Outlines of a New System of Thermodynamic Chemistry

  • Lewis G
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JSTOR is a not-for-profit service that helps scholars, researchers, and students discover, use, and build upon a wide range of content in a trusted digital archive. We use information technology and tools to increase productivity and facilitate new forms of scholarship. For more information about JSTOR, please contact support@jstor.org. In the rapid development of theoretical chemistry, in which the two laws of energy have played so important a r?le, two thermody namic methods have been widely used. The first, employed by Gibbs, Duhem, Planck, and others, is based on the fundamental equations of entropy and the thermodynamic potential. The second, employed by such men as van't Hoff, Ostwald, Nernst, and Arrhenius, consists in the direct application to special problems of the so-called cyclic process. The first method is general and exact, and has been a favorite with mathematicians and physicists, those who were already familiar with the use of the potential theory in mechanics. But unfortunately, ex cept in name there is little analogy between physico-chemical equi librium and the equilibrium in a mechanical system, and it is perhaps for this reason that the method has failed to commend itself to the majority of chemists. It must be admitted that it is the second method to which we owe nearly all of the advances that have been made during the last thirty years through the application of thermody namics to chemical problems, and which is now chiefly used by inves tigators and in the text-books of physical chemistry. Yet the application of this method has been unsystematic and often inexact, and has produced a large number of disconnected equations, largely of an approximate character. An inspection of any treatise on physical chemistry shows that the majority of the laws and equations obtained by the application of thermodynamics, are qualified by the assumption that some vapor behaves like a perfect gas, or some solu This content downloaded from on Mon, 11 Apr 2016 14:46:33 UTC All use subject to http://about.jstor.org/terms 260 PROCEEDINGS OF THE AMERICAN ACADEMY. tion like a perfect solution.1 As examples may be cited the mass law, the law of change of solubility with the temperature, the law of the lowering of vapor pressure by a solute, the law of Nernst for the electromotive force of a concentration cell, and many other equally im portant generalizations. It is probable that no one of these laws is ever strictly true. As approximations to the truth they have been of the greatest service. But now that their utility has been demonstrated, the attention of a progressive science cannot rest upon their acknowledged triumphs, but must turn to the investigation of their inaccuracies and their limi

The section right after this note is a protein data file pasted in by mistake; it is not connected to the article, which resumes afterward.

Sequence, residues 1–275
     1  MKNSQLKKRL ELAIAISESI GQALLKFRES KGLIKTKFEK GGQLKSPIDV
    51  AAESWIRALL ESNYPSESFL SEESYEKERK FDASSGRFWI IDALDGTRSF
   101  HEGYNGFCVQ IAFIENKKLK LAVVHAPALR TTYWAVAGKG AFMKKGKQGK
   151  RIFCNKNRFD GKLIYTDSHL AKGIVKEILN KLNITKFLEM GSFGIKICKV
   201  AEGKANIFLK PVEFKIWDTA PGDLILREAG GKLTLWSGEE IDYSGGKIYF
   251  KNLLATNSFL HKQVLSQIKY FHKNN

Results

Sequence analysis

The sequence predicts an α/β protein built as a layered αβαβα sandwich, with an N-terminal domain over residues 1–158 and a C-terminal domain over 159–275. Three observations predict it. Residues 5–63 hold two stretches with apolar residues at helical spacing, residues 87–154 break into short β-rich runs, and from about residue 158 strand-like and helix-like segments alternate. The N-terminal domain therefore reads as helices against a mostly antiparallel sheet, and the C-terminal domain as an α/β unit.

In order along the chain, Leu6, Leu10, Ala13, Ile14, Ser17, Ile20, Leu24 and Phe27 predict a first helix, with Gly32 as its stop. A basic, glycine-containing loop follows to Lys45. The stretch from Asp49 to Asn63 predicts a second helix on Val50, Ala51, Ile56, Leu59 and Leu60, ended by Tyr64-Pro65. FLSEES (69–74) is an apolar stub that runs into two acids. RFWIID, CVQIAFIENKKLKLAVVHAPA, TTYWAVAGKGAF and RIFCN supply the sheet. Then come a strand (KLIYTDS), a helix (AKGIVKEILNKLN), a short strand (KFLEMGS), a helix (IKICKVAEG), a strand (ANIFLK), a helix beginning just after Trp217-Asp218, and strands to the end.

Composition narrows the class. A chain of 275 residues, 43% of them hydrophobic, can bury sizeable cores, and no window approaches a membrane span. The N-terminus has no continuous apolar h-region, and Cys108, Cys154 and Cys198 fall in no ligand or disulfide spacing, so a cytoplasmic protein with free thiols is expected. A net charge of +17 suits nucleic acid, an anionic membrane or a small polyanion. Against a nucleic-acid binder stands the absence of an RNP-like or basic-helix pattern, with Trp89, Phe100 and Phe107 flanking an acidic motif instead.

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  • Gilbert Newton Lewis

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